Yet, assume instead of SLM utilitarian universalism, on profoundly inegalitarian grounds, that the aggregate quantity of freedom was considered of vastly lower importance than the exemplary quality of freedom, then the neoreactionary achievement is stark. Where freedom nowhere existed, now it does, at an essentially irrelevant cost of moderate socialist deterioration elsewhere. Half of the original population – 160 million souls – have now been released to enjoy a ‘fairer’ society than they knew before. Why not congratulate them on the fact, without being distracted unduly by the starvation and re-education camps? It can be confidently presumed that they would have voted for the regime that now takes care of them. Their internal political arrangements need no longer concern us.

For Neoreaction (the NM), it is not a question of whether people (in general) are free, but only whether freedom (somewhere) exists. The highest attainment of freedom within the system, rather than the averaged level of freedom throughout the system, is its overwhelming priority. By reversing the process of demographic redistribution envisaged by the SLM, its ends are achieved.

The zero-sum utilitarian conclusions of this comparison would be unsettled by a more concrete elaboration of the NM, in which the effects of exemplarity, competition,  the positive externalities of techno-economic performance, and other influences of freedom were included. At the present level of abstraction — set by Caplan’s own (SL) model — such positive spin-offs might seem no more than sentimental concessions to common feeling. It is the ruthless core of the Neoreactionary Model that has, initially, to assert itself. Better the greatest possible freedom, even for a few, than a lesser freedom for all. Quality matters most.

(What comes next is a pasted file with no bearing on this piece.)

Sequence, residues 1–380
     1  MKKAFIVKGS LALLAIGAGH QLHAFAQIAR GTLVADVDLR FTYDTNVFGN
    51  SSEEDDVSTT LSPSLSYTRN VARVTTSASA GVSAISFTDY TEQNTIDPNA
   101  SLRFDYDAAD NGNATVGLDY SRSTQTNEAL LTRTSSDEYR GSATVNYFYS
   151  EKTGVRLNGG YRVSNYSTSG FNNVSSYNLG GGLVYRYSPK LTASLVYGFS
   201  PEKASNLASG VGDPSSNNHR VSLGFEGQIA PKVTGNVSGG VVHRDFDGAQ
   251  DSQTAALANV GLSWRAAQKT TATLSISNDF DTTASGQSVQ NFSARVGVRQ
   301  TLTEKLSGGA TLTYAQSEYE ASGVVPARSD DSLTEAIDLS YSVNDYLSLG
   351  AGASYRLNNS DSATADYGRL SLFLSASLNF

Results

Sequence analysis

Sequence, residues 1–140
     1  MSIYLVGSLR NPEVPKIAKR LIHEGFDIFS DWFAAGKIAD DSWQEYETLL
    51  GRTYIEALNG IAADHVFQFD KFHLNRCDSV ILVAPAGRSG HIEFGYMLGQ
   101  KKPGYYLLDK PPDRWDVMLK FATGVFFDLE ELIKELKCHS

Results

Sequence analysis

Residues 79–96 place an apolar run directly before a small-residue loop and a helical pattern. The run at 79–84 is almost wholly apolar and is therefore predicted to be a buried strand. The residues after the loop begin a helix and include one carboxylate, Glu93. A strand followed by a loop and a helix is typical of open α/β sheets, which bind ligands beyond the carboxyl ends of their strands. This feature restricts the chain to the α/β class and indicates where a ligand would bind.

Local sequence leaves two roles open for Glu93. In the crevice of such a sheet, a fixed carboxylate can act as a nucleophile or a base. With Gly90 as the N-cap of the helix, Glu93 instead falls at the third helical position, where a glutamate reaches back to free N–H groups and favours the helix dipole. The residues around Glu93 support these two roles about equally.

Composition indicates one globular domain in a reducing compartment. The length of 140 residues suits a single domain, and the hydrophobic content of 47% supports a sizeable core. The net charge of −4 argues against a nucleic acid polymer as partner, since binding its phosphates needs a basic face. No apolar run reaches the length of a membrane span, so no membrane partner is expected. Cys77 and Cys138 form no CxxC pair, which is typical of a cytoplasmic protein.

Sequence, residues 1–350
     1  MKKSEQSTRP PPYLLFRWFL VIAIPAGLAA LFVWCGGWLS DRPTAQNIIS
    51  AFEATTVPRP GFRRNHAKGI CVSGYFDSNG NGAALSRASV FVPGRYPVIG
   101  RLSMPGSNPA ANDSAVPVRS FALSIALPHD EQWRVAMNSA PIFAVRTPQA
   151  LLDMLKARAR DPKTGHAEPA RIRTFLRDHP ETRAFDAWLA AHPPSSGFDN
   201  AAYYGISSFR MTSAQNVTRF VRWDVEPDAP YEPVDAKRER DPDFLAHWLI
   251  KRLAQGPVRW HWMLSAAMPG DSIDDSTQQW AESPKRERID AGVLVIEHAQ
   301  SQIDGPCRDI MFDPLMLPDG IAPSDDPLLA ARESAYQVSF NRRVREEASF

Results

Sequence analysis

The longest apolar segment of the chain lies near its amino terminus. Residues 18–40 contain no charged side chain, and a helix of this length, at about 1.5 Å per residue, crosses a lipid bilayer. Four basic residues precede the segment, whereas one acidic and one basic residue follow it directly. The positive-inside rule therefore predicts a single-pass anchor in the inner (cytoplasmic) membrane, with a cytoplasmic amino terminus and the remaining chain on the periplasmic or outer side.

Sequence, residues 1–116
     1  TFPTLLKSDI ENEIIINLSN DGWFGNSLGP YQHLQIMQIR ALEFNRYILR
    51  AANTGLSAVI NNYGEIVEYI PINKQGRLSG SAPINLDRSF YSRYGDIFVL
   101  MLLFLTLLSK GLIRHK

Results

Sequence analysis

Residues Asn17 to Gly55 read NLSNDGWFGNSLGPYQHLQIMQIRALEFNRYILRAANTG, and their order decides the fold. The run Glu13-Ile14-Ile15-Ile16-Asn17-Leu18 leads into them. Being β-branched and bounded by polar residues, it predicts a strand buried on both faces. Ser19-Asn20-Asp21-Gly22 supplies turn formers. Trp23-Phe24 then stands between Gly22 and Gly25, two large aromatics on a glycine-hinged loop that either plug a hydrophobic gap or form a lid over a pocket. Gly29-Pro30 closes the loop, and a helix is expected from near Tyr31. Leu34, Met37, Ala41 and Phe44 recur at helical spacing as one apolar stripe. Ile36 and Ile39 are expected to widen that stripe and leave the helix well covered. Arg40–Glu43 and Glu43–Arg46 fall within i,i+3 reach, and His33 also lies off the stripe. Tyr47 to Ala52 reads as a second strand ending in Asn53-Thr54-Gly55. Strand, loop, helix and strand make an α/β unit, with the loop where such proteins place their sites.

The quasi-Rawlesian objection — fully implicit within the SLM — might run: “And what if the free society, as ‘probability’ dictates, is not yours?” — our rejoinder: “It would require a despicable egotist not to delight in it, even at a distance, as a beacon of aspiration, and an idiot or scoundrel not to set out on the same path, in whichever way they were able.”

Disintegrate destiny.

July 16, 2013admin 35 Comments »
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35 Responses to this entry

  • Arred Says:

    Still have yet to see a neoreactionary who acknowledges that the inequality which follows freedom is only secondarily a product of innate ability. In fact, most of them seem to be operating out of resentment that their own innate abilities haven’t quite served them to the extent they think they deserve. Funny how similar they are to affirmative action recipients in terms of motivations.

    The central delusion of the entire movement is that everyone thinks freedom will put them on top come the revolution. Brother, if you’re not on top now, you’re never gonna be.

    [Reply]

    admin Reply:

    “Still have yet to see a neoreactionary who acknowledges that the inequality which follows freedom is only secondarily a product of innate ability.” — Probably because there’s no evidence to support this claim (except subjective feelings of resentment), and bundles supporting the opposite.

    Ad hominum hominem is never an impressive mode of argument, and it’s usually tedious psychological projection.

    (The Left should embrace NM, it’s the best route they’ll ever get to socialist utopia — it even filters out all the capitalist running-dogs for them. If they push for the same dynamic of secessionist ideological differentiation on the left side of the freedom coefficient curve, they can take it all the way to the egalitarian absolute.)

    [Reply]

    spandrell Reply:

    Check your Latin sir.

    [Reply]

    admin Reply:

    Thanks

    Arred Reply:

    Nick —

    Actually, it was ad hominem. That commenter has left me a spate of comments incensed at my extended family for betraying “honest, hard-working Americans”…shortly before coming out categorically in favor of freedom and the reformative social consequences it entails over here. Something there seems awry, and I think it’s illustrative.

    Obviously I am not a socialist, but I hesitate to preemptively proclaim support for any social order the market produces. Feudalism proceeds very naturally from complex civilization. it hardly selected for the best and brightest last time, and I don’t expect it to this go around. The reaction should consider NML and ask Argentina if all inequality produced by free competition counts as a triumph of ability vs inferiority. Obviously, I don’t think it necessarily does.